The Health News Australia October 2 2017

Overview

  • A new world-first alert system has been launched in Victoria in a bid to prevent another thunderstorm asthma disaster like the one in Melbourne last year that killed 9 people.
    The system is part of a $15 million dollar joint effort by the Victorian Government in partnership with the Bureau of Meteorology and Melbourne and Deakin universities.
  • One Australian will die every five hours from skin cancer, which is why The Melanoma Institute has teamed up Home and Away stars to encourage you to keep your hat on this spring. Home and Away stars Sophie Dillman, Jackson Heywood, Raechelle Banno and Scott Lee know the importance of being sun safe, having to spend long days at the beach while filming.According to the National Drug Strategy Household Survey 2016, women aged in their 50s (13 per cent) are now the most likely to drink at risky levels, overtaking those aged 18-24 (12.8 per cent), who previously had the highest levels of risky drinking.
  • Four new cases of measles have been confirmed in Melbourne with 8 of the 11 cases identified in the past fortnight linked to a Docklands office building. The Victorian Health Department said the cases were linked to the Collins Square building in Collins Street, Docklands, that houses commercial offices and a retail space.

News on Health Professional Radio. Today is the 2nd of  October 2017. Read by Tabetha Moreto. Health News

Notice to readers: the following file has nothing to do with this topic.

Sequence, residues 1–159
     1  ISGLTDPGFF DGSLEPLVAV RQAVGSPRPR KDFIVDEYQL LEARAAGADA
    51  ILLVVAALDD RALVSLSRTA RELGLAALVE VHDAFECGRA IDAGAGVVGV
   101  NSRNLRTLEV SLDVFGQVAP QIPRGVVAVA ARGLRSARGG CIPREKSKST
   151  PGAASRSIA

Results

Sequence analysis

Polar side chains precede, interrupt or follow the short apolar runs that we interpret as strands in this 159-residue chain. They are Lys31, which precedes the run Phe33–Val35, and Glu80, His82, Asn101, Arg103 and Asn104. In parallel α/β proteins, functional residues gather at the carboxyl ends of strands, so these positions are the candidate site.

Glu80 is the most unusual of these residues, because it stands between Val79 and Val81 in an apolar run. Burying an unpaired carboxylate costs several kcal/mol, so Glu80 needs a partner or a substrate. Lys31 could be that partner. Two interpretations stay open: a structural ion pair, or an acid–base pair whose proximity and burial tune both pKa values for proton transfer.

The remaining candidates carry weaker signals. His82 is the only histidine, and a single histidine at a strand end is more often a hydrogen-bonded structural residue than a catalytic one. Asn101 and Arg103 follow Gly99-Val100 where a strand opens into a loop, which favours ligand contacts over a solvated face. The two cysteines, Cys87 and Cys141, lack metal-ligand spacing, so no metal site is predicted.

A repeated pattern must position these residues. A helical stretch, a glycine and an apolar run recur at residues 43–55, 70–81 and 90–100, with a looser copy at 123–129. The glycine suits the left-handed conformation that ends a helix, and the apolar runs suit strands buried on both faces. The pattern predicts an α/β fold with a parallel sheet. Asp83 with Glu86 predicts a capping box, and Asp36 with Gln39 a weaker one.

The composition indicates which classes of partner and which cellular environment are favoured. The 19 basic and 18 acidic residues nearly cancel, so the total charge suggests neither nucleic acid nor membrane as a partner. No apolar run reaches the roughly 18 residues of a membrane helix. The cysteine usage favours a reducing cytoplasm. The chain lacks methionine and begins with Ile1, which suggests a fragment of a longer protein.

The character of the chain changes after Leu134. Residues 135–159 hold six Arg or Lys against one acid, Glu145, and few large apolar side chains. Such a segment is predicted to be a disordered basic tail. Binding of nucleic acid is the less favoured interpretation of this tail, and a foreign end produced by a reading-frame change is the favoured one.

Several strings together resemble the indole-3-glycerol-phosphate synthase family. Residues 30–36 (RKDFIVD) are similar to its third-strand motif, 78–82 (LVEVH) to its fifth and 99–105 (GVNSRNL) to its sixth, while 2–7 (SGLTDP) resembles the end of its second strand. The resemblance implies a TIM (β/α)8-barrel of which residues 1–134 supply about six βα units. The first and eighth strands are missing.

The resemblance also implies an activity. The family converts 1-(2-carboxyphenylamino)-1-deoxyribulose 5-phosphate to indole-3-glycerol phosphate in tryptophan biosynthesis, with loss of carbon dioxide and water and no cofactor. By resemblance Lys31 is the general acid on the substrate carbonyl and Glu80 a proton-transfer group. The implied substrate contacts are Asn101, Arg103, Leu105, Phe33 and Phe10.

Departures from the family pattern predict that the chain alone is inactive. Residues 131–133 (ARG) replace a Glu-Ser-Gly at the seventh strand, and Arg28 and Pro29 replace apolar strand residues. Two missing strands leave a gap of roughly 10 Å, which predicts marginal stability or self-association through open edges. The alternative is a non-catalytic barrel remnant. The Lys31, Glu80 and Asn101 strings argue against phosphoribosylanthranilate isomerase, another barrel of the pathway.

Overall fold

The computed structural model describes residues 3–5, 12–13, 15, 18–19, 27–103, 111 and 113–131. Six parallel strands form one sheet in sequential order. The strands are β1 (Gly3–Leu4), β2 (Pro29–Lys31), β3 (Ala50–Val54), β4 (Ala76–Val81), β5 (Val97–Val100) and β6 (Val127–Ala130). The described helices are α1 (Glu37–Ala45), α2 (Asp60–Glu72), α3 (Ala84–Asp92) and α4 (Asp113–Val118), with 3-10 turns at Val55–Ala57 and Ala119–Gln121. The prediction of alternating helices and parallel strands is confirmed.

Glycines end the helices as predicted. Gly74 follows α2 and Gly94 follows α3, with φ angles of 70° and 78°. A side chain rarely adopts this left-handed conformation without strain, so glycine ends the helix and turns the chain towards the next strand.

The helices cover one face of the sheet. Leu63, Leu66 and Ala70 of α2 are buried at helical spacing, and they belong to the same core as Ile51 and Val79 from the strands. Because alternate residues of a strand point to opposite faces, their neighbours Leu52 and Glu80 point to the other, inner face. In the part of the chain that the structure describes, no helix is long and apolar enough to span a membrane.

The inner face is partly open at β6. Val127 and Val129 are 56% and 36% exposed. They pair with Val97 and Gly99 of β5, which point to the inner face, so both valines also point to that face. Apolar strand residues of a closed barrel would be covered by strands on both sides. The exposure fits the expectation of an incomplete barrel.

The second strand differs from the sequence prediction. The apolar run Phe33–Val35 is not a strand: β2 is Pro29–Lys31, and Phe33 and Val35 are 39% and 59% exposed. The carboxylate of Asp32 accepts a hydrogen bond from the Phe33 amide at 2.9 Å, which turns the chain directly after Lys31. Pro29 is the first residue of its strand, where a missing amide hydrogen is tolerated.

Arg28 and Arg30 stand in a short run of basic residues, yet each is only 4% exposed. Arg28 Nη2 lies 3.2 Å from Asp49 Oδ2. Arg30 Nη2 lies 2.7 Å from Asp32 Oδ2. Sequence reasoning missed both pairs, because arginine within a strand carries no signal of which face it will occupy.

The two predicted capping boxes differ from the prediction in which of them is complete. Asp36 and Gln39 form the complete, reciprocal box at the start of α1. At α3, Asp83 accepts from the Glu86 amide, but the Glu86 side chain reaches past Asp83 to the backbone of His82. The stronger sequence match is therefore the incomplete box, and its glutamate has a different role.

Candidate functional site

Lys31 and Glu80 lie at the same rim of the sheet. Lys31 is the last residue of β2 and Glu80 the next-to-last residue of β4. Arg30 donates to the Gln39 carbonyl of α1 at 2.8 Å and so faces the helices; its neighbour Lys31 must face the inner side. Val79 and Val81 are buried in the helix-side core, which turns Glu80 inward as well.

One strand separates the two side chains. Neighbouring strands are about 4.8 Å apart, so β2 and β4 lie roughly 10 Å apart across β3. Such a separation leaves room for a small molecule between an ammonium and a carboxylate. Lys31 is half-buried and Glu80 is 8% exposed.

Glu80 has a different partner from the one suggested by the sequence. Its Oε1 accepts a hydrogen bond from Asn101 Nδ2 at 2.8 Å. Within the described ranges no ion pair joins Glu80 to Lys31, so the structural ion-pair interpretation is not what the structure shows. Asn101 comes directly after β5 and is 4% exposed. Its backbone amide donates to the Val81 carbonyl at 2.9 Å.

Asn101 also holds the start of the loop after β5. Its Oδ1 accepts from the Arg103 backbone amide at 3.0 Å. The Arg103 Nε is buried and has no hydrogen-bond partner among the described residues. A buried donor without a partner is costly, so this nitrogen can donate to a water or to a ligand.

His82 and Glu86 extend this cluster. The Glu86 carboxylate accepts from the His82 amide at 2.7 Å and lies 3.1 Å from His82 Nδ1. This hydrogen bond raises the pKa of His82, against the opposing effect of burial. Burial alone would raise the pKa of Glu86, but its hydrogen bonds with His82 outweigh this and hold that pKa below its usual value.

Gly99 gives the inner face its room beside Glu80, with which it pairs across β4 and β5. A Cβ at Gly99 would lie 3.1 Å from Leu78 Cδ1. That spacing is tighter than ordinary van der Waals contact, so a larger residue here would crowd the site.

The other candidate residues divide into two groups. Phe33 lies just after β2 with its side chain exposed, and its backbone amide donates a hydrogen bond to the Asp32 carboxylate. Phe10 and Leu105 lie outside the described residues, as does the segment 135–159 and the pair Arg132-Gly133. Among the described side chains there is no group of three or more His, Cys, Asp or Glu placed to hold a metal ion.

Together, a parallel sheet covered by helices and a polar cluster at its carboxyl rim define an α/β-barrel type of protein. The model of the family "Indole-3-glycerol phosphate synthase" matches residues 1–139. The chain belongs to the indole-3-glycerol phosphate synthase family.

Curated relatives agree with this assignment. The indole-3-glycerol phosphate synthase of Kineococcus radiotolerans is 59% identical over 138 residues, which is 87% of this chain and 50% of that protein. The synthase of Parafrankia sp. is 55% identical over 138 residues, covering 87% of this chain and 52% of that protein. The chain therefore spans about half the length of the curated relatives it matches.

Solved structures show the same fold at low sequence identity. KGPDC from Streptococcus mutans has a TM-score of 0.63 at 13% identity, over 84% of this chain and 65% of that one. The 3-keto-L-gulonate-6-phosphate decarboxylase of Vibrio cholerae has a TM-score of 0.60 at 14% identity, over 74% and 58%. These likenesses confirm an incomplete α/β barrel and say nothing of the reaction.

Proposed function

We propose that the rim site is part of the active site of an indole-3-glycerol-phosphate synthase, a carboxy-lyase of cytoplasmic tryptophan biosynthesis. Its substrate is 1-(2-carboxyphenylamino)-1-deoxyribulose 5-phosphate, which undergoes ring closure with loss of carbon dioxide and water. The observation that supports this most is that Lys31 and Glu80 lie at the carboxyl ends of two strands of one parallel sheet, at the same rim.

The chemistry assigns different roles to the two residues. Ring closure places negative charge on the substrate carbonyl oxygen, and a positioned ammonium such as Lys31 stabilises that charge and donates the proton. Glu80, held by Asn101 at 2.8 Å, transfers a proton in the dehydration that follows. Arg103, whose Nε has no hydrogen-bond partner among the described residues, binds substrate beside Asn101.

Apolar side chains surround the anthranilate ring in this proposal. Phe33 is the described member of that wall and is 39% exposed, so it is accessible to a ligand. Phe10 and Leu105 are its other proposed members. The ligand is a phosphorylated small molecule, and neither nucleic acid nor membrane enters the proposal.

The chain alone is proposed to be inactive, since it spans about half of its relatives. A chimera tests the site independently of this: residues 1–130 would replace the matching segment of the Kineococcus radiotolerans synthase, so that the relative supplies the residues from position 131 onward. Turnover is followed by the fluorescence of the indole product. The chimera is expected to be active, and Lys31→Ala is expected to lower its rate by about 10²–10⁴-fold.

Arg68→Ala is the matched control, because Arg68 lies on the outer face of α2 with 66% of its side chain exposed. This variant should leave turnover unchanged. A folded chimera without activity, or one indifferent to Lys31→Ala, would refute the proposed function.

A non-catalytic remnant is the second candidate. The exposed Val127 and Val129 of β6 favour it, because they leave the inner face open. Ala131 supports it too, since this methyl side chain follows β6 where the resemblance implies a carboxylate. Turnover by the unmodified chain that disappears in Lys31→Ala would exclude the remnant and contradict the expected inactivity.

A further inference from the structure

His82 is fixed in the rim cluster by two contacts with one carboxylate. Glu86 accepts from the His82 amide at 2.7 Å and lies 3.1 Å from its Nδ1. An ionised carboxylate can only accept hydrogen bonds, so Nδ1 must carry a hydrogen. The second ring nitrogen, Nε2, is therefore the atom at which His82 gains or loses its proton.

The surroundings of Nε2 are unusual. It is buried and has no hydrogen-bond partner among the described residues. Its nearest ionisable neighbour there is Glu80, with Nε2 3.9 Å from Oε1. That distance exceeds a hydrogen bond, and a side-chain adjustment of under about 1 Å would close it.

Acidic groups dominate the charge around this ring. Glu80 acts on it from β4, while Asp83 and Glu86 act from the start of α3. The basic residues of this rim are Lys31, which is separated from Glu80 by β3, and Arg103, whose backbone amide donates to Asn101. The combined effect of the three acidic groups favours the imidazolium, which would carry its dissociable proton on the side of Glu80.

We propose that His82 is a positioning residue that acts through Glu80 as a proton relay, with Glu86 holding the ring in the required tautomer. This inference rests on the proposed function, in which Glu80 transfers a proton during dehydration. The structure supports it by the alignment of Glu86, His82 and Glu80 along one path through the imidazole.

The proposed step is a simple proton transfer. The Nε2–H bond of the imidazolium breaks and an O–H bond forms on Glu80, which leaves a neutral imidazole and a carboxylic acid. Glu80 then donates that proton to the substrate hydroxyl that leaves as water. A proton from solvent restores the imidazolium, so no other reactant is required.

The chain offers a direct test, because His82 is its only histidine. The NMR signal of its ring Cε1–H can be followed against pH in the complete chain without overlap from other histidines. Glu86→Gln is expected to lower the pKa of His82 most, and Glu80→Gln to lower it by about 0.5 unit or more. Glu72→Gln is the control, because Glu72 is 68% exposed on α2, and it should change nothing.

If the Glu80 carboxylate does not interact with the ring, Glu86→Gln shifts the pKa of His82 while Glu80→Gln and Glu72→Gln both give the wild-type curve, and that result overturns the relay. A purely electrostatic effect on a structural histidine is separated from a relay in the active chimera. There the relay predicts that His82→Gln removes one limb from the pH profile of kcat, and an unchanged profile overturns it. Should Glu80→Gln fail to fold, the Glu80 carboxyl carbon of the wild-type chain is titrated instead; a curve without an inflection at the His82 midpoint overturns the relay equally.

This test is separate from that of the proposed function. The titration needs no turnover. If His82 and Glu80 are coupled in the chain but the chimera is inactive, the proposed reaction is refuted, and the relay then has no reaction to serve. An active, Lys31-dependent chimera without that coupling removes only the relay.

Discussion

http://www.abc.net.au/news/2017-10-01/thunderstorm-asthma/9000320

A new world-first alert system has been launched in Victoria in a bid to prevent another thunderstorm asthma disaster like the one in Melbourne last year that killed nine people.
The system is part of a fifteen million dollar joint effort by the Victorian Government in partnership with the Bureau of Meteorology and Melbourne and Deakin universities.
It takes into account weather conditions, hospital presentations and pollen levels, with the aid of five new pollen monitoring sites. A website and app provide forecasts, information and alerts about potential thunderstorm asthma conditions. This new alert is in response to the disaster on the twenty first of November last year, when Ambulance Victoria became overwhelmed by desperate calls from thousands of people with acute respiratory problems. Ambulance Victoria’s Health Commander Paul Holman said it had been extremely traumatic.

“We never envisaged being overwhelmed, we never envisaged not having ambulances to send to emergencies, we never envisaged not being able to answer Triple 0 calls,” Mister Holman said. Last November’s outbreak was the result of plentiful rye-grass pollen and a thunderstorm that lifted and ruptured pollen into tiny fragments. Mister Holman said the pollen grains had been saturated with water before they exploded into millions of fine particles. Thunderstorm asthma is a well documented phenomenon in south eastern Australia. Wagga Wagga, Newcastle and Canberra have all had events in the past. Thunderstorm asthma does not just occur in traditional asthma sufferers, it affects those who have an allergic reaction to the grains in the air.